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Translink & 0.5% vote (merged)

July 3, 2015, 1:41 p.m.
Posts: 33729
Joined: Nov. 19, 2002

The current scheme of raising revenue via gas tax is regressive.

If bridges can be tolled (pay per use), which is regressive, then the same can be applied to bus usage.

It is easy to dodge our responsibilities, but we cannot dodge the consequences of dodging our responsibilities.
- Josiah Stamp

Every time I see an adult on a bicycle, I no longer despair for the future of the human race.
- H.G. Wells

July 3, 2015, 1:49 p.m.
Posts: 7707
Joined: Sept. 11, 2003

Or they could raise fares and get money from the people who are actually using the buses.

Given that one of the advantages of taking transit is that it should save you money over the cost of driving+parking, it probably won't have that much of an effect and may discourage people from taking transit and to drive instead.

July 3, 2015, 2:13 p.m.
Posts: 14454
Joined: Feb. 19, 2003

So if we're all in agreement that regressive taxes are bad… raise the corporate tax rate, raise the top marginal rate, raise the capital gains rates.

I'm assuming Jordan Bateman and the canadian taxpayer federation would lend support to this given that they were the ones that led the charge against the 0.5% increase to the PST.

July 3, 2015, 2:22 p.m.
Posts: 1084
Joined: May 29, 2003

Given that one of the advantages of taking transit is that it should save you money over the cost of driving+parking, it probably won't have that much of an effect may discourage people from taking transit and to drive instead.

As it stand with current rates, for trips [HTML_REMOVED] 10km radius from where I live in Vancouver it's cheaper for me to drive and park than to transit in about 75% of all cases. This is for trips from home [HTML_REMOVED]1hr and assuming the price of the ticket and the gas are the comparative incremental costs. (ie: insurance and car ownership costs are sunk costs and not factored in)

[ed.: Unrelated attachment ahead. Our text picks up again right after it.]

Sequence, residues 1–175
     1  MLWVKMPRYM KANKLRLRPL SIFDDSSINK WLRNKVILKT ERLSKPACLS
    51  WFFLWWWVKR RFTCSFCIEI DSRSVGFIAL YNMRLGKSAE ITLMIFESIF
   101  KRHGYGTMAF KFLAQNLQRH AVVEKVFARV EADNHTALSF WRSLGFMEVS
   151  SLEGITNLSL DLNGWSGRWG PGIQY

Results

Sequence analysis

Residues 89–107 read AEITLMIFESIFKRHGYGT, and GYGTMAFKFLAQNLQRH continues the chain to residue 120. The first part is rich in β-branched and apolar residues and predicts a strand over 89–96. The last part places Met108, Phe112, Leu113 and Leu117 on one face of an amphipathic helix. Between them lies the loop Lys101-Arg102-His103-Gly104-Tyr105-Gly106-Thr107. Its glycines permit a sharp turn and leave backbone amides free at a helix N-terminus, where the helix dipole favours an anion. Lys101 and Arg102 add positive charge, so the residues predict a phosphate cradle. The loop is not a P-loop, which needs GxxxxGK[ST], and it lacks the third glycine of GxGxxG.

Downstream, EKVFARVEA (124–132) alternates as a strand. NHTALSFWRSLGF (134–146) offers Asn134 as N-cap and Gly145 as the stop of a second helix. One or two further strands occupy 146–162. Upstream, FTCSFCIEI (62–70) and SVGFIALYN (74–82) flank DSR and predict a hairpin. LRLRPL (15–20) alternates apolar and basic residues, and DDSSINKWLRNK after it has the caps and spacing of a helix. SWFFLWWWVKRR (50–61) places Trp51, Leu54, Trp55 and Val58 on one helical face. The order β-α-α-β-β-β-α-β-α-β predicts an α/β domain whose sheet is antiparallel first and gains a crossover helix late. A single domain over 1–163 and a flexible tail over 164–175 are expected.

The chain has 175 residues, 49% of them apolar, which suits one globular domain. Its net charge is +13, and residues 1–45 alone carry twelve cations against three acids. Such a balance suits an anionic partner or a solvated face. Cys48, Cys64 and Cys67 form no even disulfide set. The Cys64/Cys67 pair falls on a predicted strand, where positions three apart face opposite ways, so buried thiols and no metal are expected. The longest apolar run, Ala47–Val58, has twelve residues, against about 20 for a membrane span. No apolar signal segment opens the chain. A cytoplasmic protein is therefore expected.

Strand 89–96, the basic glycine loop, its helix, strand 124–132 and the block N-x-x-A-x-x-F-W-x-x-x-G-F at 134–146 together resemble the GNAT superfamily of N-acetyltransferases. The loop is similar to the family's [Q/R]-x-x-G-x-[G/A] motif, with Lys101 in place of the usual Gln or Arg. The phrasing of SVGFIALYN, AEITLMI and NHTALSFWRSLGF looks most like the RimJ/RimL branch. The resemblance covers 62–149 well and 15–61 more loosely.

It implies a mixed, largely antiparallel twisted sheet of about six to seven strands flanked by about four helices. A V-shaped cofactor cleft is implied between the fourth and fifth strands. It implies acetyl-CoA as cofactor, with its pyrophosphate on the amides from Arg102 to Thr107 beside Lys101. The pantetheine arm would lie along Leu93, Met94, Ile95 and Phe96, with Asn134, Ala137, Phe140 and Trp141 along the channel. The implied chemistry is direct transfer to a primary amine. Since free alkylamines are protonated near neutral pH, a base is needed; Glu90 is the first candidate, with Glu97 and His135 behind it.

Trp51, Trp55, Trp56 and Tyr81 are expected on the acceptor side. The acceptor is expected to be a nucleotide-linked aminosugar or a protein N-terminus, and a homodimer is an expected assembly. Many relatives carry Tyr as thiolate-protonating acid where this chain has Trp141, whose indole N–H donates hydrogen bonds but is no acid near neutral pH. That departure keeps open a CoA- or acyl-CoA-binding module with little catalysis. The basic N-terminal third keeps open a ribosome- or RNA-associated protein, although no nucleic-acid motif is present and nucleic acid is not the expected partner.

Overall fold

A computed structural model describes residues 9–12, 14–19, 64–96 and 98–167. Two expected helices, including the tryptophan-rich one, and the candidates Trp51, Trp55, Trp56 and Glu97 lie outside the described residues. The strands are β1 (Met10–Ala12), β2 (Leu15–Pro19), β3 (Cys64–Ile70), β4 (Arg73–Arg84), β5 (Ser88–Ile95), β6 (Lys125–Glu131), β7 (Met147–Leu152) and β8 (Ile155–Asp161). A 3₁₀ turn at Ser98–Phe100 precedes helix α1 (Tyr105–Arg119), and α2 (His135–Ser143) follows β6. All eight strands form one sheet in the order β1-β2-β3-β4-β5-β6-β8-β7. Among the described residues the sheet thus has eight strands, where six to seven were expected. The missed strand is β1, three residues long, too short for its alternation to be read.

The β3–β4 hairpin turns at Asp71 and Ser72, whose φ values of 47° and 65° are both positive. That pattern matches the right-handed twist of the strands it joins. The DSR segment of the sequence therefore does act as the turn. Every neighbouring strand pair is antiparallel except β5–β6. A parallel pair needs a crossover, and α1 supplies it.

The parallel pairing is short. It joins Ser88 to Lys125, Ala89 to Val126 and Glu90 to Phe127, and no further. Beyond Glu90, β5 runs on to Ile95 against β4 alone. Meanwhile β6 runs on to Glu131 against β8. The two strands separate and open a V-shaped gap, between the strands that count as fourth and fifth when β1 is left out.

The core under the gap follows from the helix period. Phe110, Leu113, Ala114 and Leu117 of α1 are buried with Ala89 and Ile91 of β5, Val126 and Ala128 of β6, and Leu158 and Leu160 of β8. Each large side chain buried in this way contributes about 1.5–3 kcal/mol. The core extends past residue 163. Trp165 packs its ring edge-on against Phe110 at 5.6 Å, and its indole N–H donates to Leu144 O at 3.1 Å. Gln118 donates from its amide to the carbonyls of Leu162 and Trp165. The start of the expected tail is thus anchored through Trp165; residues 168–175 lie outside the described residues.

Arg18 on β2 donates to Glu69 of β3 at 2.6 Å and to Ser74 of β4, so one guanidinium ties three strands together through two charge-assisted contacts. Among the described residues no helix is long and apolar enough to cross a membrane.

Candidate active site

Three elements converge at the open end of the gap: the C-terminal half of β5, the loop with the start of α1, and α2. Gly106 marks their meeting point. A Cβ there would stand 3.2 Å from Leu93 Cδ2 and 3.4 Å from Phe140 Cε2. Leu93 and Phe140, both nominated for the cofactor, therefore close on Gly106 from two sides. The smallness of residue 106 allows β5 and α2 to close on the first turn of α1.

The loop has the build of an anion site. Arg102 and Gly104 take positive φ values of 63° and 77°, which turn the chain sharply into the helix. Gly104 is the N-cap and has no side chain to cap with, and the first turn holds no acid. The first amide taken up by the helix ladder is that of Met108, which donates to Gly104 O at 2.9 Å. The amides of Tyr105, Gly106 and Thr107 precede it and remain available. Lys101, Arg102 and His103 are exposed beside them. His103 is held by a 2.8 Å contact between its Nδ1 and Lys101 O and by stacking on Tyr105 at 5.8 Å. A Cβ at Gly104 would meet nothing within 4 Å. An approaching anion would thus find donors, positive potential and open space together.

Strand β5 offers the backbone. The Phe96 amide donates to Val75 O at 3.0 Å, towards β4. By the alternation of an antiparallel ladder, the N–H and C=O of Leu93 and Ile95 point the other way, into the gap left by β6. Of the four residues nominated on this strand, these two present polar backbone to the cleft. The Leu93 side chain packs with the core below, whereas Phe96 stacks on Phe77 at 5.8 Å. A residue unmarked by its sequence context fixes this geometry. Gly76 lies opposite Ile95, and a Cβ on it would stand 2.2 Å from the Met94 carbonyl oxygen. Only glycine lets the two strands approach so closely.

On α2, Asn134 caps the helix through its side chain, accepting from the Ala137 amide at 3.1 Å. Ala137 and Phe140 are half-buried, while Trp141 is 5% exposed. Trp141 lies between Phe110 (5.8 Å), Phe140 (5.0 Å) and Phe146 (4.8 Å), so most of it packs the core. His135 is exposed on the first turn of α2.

Not to mention driving is faster, easier and way more convenient.

If the goal is to make the roads less congested, the system wouldn't be setup to punish 'short-haul trips' (which I believe make up the majority of car trips in cities).
Then again, if short haul trips through transit were encouraged through by lowering pricing, the GVRD would lose a LOT of the transit tax revenue from fuel sales at the pump. In that sense there's a bit of a cognitive disconnect going on when it comes to pricing transit to be more accessible than car trips.

July 3, 2015, 2:42 p.m.
Posts: 16707
Joined: Nov. 20, 2002

The current scheme of raising revenue via gas tax is regressive.

If bridges can be tolled (pay per use), which is regressive, then the same can be applied to bus usage.

Yes, I'm not a big fan of bridge tolls either, for the same reasons. The proposed 0.5% sales tax increase, on the other hand, would be at least a little more progressive in that those consuming more would pay more. This assumes that the biggest consumers are also the biggest earners.

When one person suffers from a delusion, it is called insanity.

When many people suffer from a delusion, it is called religion.

July 3, 2015, 3:01 p.m.
Posts: 0
Joined: March 8, 2015

How hard is it to imagine neighborhoods where you could walk (or bike) to almost everything you need (including your work)?

I ride my bike to work every day and to get groceries and to go anywhere else… just saying.

People who complain about how the transit should be paid for solely by people using it forget: Many people with cars still use the skytrain and for every person on the skytrain, you are taking a car off the road….It's not just helping us folks without cars, it helps everyone.